Having somewhat anticipated pop art with his career of elevated kitsch, Vincente Minnelli demonstrates with The Courtship of Eddie’s Father how easily his old-fashioned style fits into a contemporary context. Its opening shots are of wipe transitions darting through images of New York’s skyline as an off-screen voice delivers ad copy that syncs with the visuals, before the camera finds itself inside the apartment of Tom Corbett (Glenn Ford). As Tom boils coffee on the stove, the speaker lets the audience know what brand it is, then gently chastises Tom for grabbing the kettle without pot holders and even makes kissing sounds as if lovingly tending to his wounds. Aesthetically, the camera’s smooth, brief pans and the perfectly ordered apartment look like any of Minnelli’s melodramas, but the self-reflexive audio track suddenly presents the studio director’s work in a new light.
The phrasing of the film’s title offers the first clue of its real intentions: though Tom may be the character around whom the plot circles, it is Eddie (Ron Howard) who truly drives the film, his complex emotional core the crux of its classical and modern sensibilities. The film opens as Tom prepares to go back to work after taking time off to deal with his wife’s death, but if Tom has worked through the superficial, visible stages of grief, Eddie has yet to even realize he should be grieving. Dropped off at school, Eddie asks his father if his mom is really dead with a tone of inquisitiveness, not pain, and later he even speaks of telling his friend about her death with excitement, as if he were going to catch his pal up on an episode of “The Twilight Zone.” Upon discovering one of his goldfish floating at the top of its tank, however, Eddie goes ballistic, emitting a bloodcurdling shriek that obviously has little to do with the fish.
Eddie’s psychological state not only frames the presentation of the film but the context of Howard’s performance. Were the film released today, Howard would almost certainly be pegged as playing that horrid “precocious” card that children inevitably use when forced to act like adults. But even when Eddie starts to play matchmaker for his father and gives blunt, hilariously uninformed opinions on relationships and sex, he demonstrates not the bossy confidence of youth but an unconscious desire to push himself forward to a mature enough state to understand what has happened to him. In trying to get his dad back out on the market, Eddie hopes to figure out enough about women to appreciate the woman now missing from his own life. That sounds Freudian, but in practice it turns a comedy of manners into a splintered melodrama, one that exposes occasionally flat surfaces as transparent masks hiding roiling internal drama behind awkward, blunt phrasing and, on Tom’s part, stiff formality.
Just compare how the now-clichéd setup of a child directly, sometimes scathingly vetting a potential step-parent is almost a challenge, in this movie, to the divorce-based remarriage comedies made over the last few decades. Those films tend to portray the children with a combination of sympathy and outright malice, acknowledging the pressure of accepting someone new as a surrogate while also, more often than not, portraying them as tiny monsters, unyielding in their decision to punish a third party for their parents’ separation. Eddie, on the other hand, is enthusiastic about his dad getting remarried, even if he does offer warnings about “skinny ladies with big busts” and other life lessons he’s gleaned from comic books. Instead of being both shoulder angel and demon for Tom, Eddie acts as both Tom’s foil and his inner voice, confronting his father’s reticence over his obvious attraction to the divorcée across the hall (Shirley Jones) while speaking aloud the feelings Tom won’t allow himself to share.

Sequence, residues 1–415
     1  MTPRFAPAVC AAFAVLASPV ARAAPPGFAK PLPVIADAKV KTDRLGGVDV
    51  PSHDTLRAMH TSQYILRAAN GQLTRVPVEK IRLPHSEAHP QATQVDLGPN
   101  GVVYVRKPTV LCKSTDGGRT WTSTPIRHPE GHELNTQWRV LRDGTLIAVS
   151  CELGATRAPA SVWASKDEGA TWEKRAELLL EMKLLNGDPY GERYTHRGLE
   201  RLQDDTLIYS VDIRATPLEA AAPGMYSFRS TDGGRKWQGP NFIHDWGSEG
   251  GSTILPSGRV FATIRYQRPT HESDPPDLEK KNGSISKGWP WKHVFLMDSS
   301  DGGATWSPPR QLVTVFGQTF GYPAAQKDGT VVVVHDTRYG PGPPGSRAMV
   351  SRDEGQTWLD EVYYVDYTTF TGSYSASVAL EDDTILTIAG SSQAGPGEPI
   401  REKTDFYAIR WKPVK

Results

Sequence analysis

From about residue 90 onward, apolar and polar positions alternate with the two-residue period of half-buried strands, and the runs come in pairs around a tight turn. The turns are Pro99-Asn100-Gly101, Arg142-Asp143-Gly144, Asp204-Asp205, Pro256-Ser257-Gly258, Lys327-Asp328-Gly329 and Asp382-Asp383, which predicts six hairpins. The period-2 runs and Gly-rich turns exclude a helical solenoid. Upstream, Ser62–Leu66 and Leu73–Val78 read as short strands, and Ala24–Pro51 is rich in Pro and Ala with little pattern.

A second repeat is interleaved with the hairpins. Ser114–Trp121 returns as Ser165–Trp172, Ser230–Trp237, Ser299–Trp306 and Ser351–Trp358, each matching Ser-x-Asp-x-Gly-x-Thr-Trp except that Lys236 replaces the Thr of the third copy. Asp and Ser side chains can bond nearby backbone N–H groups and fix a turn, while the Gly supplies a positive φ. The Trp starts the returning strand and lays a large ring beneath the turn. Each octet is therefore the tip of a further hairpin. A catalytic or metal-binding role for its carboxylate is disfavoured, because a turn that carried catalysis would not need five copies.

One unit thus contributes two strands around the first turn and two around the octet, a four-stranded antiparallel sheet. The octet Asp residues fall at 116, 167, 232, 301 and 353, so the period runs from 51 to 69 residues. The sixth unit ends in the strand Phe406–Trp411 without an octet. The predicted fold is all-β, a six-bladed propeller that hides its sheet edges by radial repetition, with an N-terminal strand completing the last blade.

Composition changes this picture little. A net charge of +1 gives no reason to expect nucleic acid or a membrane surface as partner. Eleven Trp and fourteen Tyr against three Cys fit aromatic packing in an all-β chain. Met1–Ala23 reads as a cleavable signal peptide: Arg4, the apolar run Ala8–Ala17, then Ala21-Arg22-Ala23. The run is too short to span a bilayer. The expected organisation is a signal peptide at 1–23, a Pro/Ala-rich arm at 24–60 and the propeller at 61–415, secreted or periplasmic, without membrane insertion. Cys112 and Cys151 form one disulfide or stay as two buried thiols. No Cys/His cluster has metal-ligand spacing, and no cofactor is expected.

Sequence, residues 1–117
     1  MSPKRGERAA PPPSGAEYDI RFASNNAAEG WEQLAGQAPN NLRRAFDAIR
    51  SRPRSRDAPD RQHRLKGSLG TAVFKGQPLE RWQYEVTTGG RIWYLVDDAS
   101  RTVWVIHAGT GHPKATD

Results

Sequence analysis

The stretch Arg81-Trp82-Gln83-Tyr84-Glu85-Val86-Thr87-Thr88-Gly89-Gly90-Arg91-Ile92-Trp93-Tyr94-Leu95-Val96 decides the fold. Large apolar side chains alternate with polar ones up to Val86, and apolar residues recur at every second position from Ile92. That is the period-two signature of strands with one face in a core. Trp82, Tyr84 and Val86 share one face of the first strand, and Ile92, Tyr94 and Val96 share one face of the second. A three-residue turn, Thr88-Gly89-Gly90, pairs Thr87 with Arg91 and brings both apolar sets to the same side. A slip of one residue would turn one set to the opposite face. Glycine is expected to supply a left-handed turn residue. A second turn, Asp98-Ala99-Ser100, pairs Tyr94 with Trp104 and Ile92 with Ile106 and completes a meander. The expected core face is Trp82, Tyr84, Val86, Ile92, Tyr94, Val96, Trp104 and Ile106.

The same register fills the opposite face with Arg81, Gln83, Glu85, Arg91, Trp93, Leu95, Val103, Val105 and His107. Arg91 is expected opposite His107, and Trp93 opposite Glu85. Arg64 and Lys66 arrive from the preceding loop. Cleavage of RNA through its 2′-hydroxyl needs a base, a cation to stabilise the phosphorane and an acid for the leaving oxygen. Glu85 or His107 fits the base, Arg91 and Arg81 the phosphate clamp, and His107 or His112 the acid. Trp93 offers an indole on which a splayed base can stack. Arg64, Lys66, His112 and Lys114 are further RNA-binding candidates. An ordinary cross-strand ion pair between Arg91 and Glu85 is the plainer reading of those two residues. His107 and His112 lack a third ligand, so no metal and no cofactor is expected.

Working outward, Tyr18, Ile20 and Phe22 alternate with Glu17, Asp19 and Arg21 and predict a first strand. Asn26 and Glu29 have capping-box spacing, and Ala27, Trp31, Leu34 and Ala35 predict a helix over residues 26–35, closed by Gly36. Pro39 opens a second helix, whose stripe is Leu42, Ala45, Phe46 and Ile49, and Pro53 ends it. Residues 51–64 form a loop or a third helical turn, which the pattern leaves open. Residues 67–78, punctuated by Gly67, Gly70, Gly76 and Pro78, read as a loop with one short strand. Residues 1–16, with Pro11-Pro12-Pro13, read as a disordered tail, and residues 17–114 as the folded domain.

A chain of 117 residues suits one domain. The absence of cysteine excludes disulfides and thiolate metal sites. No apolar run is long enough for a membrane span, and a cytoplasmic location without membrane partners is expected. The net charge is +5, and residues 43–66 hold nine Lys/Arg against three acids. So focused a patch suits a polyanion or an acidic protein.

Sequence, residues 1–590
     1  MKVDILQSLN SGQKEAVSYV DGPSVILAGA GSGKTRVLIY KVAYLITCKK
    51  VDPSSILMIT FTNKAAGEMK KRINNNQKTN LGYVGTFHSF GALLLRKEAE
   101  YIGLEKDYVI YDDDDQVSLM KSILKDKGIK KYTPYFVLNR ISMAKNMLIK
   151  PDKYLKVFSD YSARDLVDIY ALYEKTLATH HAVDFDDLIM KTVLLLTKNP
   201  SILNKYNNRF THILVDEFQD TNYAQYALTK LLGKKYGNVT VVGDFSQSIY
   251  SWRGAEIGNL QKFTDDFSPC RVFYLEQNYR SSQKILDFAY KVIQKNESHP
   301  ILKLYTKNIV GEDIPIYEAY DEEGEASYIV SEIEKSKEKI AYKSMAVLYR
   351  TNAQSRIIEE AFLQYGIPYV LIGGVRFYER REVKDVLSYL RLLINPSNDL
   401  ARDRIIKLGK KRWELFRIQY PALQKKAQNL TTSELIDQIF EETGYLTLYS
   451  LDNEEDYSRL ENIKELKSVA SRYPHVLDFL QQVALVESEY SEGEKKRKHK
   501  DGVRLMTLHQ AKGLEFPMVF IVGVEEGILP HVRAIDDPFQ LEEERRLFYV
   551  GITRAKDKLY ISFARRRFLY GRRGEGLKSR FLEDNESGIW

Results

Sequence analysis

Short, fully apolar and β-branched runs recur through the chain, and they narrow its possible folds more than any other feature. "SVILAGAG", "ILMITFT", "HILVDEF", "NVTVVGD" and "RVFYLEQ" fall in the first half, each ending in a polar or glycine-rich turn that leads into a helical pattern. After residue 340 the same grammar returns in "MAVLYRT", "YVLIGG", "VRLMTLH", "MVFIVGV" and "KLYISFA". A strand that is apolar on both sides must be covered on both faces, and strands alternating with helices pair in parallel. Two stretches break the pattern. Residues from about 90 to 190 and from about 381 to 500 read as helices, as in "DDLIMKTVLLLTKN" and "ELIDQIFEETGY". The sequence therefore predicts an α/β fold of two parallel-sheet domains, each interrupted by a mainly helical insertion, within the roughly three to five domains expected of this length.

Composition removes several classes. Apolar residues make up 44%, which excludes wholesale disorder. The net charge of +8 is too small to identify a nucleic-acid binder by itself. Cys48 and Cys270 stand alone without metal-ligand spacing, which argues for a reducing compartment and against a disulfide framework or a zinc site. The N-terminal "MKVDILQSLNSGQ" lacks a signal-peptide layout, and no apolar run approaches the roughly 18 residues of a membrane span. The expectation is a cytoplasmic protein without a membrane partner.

Minnelli hides all of this in plain sight, fusing it to the film’s broader comedy, which itself predates the more socially aware comedies that arose at the margins of ‘70s American film. The women with whom Tom interacts all have traits that bring to the fore then-controversial ideas, from the ostensibly shy airhead (Stella Stevens) who spoofs notions of a trophy wife that become antiquated in real-time as Stevens exaggerates the part, to the career-oriented colleague (Dina Merrill) whose talk of being on equal terms with her partner elicits a dismissal from Tom—he says he can’t see that line of thinking becoming a “movement”—that makes fun of a soon-to-be-obsolete male mindset, as well. Even some of the throwaway jokes have a satiric edge to them, such as Eddie’s befuddlement at reading Jayne Mansfield’s measurements in a magazine, wondering if they are stats, like those printed for baseball players. In explaining what they mean to his son, Tom inadvertently exposes how bizarre, not to mention invasive, it is that such figures are publically entered, a minor reflexive break that expands the film’s interior exploration to a larger critique. As with Home from the Hill, The Courtship of Eddie’s Father passes for the sort of stodgy film that the coming decade of studio collapse, experimentation and renaissance would clear away, only to reveal upon closer inspection a movie that stands with the most introspective, critical works of the coming countercultural wave.